Street furniture belonging to traders in Rothbury is to be reviewed, but one councillor has warned that it will open up a very large can of worms and could harm businesses.
At Wednesday night’s parish council meeting, some members felt that signage, as well as tables and chairs which are put out onto the pavement by businesses – potentially causing obstruction to pedestrians – needs to be looked at.
At the start of the year, Northumberland County Council reported that it had brought in new guidelines to make pavements safer and easier to negotiate, especially for those with visual impairments, in wheelchairs or with pushchairs.
For main pedestrian routes, the guidance states that there should be a minimum of two metres clear width of pavement and a desirable width of three and a half metres. For secondary pedestrian routes, the minimum clear width is one and a half metres, preferably two.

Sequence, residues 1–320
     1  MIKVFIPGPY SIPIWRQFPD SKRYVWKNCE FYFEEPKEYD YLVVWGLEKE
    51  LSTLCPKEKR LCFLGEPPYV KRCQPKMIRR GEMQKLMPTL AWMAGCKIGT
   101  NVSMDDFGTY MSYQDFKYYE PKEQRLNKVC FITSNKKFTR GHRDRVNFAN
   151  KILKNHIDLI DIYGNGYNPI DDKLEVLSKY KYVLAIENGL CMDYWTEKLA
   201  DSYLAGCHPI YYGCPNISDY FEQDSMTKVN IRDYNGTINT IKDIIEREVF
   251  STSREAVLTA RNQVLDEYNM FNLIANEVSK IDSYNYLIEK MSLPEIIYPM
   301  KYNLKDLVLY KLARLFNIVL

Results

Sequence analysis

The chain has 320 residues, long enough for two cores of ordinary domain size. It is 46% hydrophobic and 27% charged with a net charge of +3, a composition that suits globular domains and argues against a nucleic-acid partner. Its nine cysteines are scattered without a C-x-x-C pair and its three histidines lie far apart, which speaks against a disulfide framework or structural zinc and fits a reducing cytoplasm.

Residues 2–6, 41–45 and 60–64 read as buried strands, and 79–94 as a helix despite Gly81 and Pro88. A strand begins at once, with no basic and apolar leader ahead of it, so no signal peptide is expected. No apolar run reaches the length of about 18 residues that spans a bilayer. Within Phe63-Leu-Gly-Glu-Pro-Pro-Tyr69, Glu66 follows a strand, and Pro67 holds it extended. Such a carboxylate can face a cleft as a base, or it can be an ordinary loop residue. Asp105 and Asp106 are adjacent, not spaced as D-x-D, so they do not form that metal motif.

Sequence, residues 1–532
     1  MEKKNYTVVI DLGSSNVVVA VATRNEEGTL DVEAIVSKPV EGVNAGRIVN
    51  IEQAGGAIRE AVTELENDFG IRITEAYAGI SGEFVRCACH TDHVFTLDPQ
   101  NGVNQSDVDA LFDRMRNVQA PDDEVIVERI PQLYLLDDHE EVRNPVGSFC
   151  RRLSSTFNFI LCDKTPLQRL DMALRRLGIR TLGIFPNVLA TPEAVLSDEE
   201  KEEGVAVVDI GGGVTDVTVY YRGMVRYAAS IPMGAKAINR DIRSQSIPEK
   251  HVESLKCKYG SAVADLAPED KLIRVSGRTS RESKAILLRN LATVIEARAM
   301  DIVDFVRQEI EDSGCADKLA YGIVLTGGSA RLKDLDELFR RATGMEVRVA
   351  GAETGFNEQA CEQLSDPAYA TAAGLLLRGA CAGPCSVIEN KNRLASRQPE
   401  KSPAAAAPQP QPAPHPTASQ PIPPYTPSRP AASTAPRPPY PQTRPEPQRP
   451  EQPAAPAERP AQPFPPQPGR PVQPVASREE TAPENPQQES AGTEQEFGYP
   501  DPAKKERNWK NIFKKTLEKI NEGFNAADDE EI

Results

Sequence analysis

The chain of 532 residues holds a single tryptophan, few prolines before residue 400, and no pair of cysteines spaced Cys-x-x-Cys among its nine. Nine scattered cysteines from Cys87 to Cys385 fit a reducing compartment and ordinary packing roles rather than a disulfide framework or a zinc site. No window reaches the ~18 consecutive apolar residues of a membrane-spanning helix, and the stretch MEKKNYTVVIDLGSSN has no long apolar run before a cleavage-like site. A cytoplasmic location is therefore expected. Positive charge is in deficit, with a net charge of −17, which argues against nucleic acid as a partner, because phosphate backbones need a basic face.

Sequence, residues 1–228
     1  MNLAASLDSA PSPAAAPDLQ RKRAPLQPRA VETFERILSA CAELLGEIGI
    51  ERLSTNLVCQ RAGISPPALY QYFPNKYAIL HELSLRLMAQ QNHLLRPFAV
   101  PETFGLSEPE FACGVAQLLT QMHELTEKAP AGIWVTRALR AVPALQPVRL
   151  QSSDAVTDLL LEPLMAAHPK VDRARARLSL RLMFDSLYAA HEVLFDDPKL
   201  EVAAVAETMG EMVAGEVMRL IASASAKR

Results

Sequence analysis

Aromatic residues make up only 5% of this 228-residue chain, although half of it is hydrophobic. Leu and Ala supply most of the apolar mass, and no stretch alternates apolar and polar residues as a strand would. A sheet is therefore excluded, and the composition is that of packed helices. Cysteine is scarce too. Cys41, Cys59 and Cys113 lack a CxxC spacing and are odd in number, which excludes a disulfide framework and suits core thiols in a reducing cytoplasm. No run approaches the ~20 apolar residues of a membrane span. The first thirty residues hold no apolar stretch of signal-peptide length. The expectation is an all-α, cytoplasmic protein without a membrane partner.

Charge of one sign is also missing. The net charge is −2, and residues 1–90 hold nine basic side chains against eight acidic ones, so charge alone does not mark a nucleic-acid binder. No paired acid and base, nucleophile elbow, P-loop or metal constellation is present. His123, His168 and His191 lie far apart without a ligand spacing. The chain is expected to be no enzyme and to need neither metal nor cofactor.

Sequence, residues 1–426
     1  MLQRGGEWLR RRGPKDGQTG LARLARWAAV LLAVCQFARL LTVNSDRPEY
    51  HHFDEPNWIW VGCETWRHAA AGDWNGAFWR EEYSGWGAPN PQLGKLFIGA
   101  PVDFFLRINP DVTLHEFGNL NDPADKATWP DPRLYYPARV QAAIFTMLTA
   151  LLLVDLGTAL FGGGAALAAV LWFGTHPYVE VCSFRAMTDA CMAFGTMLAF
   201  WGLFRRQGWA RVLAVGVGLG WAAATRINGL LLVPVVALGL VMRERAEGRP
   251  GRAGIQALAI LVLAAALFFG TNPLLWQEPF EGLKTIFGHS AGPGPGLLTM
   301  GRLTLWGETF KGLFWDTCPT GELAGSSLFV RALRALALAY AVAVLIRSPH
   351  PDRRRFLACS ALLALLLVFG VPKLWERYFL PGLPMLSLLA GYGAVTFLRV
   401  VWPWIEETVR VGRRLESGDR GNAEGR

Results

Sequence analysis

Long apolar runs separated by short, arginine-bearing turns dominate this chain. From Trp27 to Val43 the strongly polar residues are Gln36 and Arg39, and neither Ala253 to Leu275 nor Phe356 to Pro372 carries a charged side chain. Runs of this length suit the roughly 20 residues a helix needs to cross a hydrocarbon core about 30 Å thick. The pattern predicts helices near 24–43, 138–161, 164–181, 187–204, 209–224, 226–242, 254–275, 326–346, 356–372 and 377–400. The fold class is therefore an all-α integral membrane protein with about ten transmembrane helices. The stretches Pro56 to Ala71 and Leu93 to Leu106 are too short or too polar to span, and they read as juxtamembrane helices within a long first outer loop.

It covers items that are classed as unauthorised under the Highways Act, including A-boards, pavement cafes and goods for sale, and sets out the conditions which must be adhered to if items are to be placed on footpaths and in public areas.
At last week’s meeting, Coun Jeff Sutton said he would carry out a review in the village, but Coun Steven Bridgett warned that it would not go down well.
Coun Bridgett said: “If you are going down this route, it will open a very large can of worms and it will be the businesses that suffer. Whoever from the parish council wants to put their head above the parapet and stand and take the flack can take the flack.
“The county council has a set of rules but I think it is a case of them preferring to work with businesses, unless there has been a specific complaint made. As far as I know, there has not been any about Rothbury.
“If you put this on the county council’s radar they will contact the businesses. When the businesses aren’t happy, I will direct them to you.”
But Coun Sutton was unperturbed. He said: “It needs to be looked at across the board. You can’t wipe it off because it will open a can of worms. We need to look at this sensibly. I don’t want to infringe on anyone’s business, but we need to have a set of rules.”